A plate of Bangers & Mash
There are many references to food and drink in early Irish literature. Honey seems to have been widely eaten and used in the making of mead. The old stories also contain many references to banquets, although these may well be greatly exaggerated and provide little insight into everyday diets.
Potatoes form the basis for many traditional Irish dishes. The potato was introduced into Ireland in the second half of the 16th century, initially as a garden crop. It eventually came to be the main food crop of the poor. As a food source, the potato is extremely valuable in terms of the amount of energy produced per unit area of crop. The potato is also a good source of many vitamins and minerals, particularly vitamin C when fresh.
Fresh meat was generally considered a luxury except for the most affluent until the late 19th century and chickens were not raised on a large scale until the emergence of town grocers in the 1880s allowed people to exchange surplus goods, like eggs, and for the first time purchase a variety food items to diversify their diet.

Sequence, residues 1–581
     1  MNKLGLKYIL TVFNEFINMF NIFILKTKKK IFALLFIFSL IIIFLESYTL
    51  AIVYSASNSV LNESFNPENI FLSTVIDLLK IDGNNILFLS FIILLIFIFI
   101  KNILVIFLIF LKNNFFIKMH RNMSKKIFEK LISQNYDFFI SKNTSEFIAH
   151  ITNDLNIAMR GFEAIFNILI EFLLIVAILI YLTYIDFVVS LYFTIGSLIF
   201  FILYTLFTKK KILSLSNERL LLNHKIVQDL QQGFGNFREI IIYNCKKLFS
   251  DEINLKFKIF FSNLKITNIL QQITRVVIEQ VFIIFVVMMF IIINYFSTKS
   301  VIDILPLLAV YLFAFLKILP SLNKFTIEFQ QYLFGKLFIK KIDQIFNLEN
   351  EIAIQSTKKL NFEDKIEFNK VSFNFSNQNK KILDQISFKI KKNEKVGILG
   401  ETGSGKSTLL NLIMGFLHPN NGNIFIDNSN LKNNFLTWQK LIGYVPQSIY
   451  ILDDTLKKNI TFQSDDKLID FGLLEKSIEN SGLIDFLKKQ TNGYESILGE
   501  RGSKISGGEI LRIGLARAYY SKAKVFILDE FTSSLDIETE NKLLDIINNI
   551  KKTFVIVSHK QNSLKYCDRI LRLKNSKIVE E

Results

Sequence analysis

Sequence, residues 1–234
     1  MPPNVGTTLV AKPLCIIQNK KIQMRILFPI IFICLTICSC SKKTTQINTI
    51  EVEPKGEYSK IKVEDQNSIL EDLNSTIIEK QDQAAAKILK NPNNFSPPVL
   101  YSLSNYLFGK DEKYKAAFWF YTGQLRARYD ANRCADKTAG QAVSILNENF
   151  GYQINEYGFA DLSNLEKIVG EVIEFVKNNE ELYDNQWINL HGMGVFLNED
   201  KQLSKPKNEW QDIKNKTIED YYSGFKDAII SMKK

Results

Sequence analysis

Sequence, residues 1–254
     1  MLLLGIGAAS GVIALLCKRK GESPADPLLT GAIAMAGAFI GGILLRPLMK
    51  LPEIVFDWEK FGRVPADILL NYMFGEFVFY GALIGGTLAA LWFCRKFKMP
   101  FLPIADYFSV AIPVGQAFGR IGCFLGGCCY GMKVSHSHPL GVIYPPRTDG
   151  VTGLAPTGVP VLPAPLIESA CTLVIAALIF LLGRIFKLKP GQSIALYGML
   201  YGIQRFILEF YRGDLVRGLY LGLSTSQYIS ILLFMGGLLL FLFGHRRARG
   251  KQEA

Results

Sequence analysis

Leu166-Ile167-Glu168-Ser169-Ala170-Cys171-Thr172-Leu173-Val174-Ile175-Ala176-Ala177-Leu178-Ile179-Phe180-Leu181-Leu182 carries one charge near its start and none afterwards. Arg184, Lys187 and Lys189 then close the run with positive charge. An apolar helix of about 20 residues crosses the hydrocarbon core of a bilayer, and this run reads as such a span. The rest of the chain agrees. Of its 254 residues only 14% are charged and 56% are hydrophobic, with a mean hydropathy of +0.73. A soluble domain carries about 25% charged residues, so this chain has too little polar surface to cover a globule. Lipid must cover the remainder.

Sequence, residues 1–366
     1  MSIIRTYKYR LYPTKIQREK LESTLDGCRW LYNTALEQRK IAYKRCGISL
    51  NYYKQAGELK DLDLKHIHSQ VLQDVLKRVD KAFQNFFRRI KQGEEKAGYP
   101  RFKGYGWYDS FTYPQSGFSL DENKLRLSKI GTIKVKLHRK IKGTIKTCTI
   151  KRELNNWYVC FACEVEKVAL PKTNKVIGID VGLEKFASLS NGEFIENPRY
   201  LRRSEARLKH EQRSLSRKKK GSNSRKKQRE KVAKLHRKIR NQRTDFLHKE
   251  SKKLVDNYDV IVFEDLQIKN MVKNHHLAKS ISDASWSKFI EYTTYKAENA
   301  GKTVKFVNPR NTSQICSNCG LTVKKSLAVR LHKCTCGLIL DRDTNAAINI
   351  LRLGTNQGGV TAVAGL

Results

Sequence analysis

The last quarter of the 20th century saw the emergence of a new Irish cuisine based on traditional ingredients handled in new ways. This cuisine is based on fresh vegetables, fish (especially salmon and trout), oysters, mussels and other shellfish, traditional soda bread, the wide range of cheeses that are now being made across the country, and, of course, the potato. Traditional dishes, such as Irish stew, coddle, the Irish breakfast, and potato bread have enjoyed a resurgence in popularity. Schools like the Ballymaloe Cookery School have emerged to cater for the associated increased interest in cooking.
Our Culinary Stage was a great hit in 2012, so it will be returning in NTIF 2013, and will be relocated to a superior area in the building that used to be the Women's Museum.
We are currently searching out chefs to take up the challenge of demonstrating either a very traditional Irish recipe, or taking a traditional Irish dish and giving it a new twist.
After each demonstration chefs will provide small samples of the dish and make the recipes available to the audience. Note, the audience size will be limited, and seating will be on a first-come basis. Admission is restricted to those over 21 for the wine pairings.
Will be announced in 2014.